I tell you all of this to set the tranquil domestic scene which existed at the beginning.  And also my cheerful, content mood.  This will provide needed contrast to what came later.

I think it's important to evaluate things this way--did I start out bitchy or did the bitchy develop as a reasonable reaction to recalcitrant and inconsiderate children?

Things began to unravel when I imposed the completely unreasonable expectation that everyone eat breakfast and put on clothing.  They milled around me in anxious circles as I made coffee and slapped together a few PB&Js.  I had to remind each of them approximately six million times to sit at the table and eat instead of orbiting the kitchen island talking to me and gesturing with their sandwich.

If there is anything that makes me tense, it is restless children in the kitchen and having to remind people of things.  Especially first thing in the morning.  The worst.

Blood pressure beginning to rise, I noted that it was 8:20, which meant we had 25 minutes remaining.  I herded everyone up the stairs to change into clothes.  They were SUPER SILLY and slow on the stairs and I was officially OVER IT.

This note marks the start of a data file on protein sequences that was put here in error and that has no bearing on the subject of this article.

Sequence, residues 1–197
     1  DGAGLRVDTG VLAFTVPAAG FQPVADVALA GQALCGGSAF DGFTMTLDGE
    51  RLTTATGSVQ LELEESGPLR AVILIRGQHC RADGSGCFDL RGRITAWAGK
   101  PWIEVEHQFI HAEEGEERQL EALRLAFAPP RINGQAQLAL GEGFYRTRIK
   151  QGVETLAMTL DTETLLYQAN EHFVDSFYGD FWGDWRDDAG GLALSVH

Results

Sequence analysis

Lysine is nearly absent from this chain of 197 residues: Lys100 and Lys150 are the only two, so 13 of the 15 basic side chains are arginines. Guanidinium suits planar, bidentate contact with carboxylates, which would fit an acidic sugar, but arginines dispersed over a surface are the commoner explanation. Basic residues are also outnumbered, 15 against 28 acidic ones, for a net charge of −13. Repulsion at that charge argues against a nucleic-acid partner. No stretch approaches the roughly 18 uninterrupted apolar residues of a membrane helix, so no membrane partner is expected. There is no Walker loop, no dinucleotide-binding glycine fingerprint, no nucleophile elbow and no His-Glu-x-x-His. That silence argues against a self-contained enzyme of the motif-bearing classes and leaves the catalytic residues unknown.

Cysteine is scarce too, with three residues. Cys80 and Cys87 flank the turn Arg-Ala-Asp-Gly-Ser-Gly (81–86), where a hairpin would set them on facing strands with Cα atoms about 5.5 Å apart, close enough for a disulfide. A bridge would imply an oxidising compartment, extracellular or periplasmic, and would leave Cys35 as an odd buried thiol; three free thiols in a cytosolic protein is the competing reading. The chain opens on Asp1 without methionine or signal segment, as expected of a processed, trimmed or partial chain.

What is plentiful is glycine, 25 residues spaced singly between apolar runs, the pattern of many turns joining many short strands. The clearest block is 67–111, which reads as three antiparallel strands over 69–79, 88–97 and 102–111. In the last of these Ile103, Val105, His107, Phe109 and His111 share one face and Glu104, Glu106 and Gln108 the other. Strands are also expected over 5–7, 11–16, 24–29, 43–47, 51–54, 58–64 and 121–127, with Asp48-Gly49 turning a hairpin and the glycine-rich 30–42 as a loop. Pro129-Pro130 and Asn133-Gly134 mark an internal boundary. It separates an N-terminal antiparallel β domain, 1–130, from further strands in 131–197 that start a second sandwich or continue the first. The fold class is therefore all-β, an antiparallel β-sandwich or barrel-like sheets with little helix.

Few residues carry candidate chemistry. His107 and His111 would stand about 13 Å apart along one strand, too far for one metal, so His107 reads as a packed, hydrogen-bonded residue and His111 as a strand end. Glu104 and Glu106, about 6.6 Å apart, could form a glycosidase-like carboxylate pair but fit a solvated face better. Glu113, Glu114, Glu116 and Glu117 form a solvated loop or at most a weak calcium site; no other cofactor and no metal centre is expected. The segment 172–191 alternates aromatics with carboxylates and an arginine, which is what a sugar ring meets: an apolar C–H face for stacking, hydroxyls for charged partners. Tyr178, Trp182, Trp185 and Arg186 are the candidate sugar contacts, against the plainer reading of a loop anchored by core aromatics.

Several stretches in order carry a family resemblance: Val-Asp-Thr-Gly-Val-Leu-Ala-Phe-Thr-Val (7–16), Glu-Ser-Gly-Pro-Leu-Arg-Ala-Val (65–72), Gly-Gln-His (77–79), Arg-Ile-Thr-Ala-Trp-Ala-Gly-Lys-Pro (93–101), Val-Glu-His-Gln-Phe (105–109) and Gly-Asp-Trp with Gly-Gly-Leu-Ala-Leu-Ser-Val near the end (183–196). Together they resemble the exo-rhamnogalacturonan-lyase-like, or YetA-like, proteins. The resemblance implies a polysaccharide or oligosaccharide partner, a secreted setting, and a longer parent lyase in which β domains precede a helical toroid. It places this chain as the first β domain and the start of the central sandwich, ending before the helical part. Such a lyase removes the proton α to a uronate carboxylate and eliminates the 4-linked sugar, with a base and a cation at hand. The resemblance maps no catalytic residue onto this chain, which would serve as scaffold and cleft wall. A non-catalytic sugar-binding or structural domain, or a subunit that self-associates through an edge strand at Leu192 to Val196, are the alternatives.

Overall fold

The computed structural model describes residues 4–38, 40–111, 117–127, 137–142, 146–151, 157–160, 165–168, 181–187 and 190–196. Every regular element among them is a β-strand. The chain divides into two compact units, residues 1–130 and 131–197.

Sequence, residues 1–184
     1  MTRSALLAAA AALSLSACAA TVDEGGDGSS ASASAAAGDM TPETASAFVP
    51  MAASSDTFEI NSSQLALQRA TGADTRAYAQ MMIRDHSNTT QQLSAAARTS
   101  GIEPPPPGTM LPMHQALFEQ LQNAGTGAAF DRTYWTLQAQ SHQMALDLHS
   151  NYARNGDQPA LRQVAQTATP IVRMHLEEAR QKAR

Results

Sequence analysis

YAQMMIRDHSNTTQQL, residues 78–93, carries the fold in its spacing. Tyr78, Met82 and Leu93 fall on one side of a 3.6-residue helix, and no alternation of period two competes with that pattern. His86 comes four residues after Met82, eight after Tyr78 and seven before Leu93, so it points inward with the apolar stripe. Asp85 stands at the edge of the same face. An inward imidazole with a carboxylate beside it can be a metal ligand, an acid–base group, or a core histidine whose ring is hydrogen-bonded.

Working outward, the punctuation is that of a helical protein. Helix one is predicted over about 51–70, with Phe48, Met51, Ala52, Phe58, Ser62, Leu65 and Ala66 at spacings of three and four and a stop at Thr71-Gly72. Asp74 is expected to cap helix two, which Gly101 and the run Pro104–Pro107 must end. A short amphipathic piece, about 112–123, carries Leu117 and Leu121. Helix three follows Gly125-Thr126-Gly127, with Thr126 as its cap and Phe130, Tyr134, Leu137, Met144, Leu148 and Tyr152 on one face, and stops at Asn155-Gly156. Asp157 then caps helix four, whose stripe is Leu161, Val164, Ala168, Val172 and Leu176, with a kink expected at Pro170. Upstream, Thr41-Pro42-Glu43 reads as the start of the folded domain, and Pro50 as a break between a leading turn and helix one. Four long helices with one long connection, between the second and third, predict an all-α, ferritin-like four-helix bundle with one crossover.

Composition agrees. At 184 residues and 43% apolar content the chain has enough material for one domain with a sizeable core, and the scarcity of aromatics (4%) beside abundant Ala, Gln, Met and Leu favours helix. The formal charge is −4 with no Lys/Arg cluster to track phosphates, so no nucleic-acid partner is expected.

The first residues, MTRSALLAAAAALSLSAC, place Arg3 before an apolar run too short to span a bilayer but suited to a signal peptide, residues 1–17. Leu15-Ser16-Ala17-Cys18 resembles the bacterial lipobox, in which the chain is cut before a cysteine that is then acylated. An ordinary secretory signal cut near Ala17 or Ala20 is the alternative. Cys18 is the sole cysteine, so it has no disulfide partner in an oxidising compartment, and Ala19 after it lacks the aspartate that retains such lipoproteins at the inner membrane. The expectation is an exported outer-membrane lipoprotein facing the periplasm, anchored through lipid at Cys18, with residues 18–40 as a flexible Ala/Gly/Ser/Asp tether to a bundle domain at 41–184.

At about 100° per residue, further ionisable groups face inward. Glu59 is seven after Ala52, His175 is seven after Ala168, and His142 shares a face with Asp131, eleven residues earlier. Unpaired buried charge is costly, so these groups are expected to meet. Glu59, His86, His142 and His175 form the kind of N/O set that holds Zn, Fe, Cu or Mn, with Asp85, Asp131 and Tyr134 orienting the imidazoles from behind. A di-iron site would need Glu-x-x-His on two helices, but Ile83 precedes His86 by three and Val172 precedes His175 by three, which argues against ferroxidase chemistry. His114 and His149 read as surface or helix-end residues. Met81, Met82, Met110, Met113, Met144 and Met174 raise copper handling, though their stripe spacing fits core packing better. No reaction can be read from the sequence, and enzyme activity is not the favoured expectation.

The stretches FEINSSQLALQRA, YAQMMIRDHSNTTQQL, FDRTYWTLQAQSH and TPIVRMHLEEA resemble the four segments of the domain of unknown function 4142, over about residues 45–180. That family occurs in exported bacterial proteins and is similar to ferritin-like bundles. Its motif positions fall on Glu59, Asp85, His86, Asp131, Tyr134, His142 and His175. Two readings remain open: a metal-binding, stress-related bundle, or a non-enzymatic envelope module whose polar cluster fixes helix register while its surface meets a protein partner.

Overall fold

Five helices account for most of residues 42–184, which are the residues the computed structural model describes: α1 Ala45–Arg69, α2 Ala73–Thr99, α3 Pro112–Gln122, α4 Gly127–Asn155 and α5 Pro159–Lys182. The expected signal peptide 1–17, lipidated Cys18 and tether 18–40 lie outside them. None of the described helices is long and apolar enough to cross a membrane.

On the way upstairs I nudged the giant lug of a preteen out of bed and told him he had twenty minutes to dress himself and eat something because we were going to church early so he could acolyte (which to him is a treat).

Upstairs I sat on the couch with my coffee and provided air traffic control in the form of reminding kids about every single article of clothing they needed to put on.

"Good, OK, shirt next!"

"OK, one shoe is on, where is the other one?" .... "Well FIND IT!"

"Undies.  Always.  You always wear undies.  Even with long pants."

"Shirt.  Shirt.  Shirt."

"That shirt is dirty."

"Pants.  Find some pants, please.  Any pants.  PAAAANNNNTS"

At 8:30, Ryan wandered out of the bedroom, freshly showered and dressed.  At last it was my turn to get ready to go.  I had fifteen minutes, so I skipped a shower and hair brushing and focused on choosing a dress and shoes and brushing my teeth.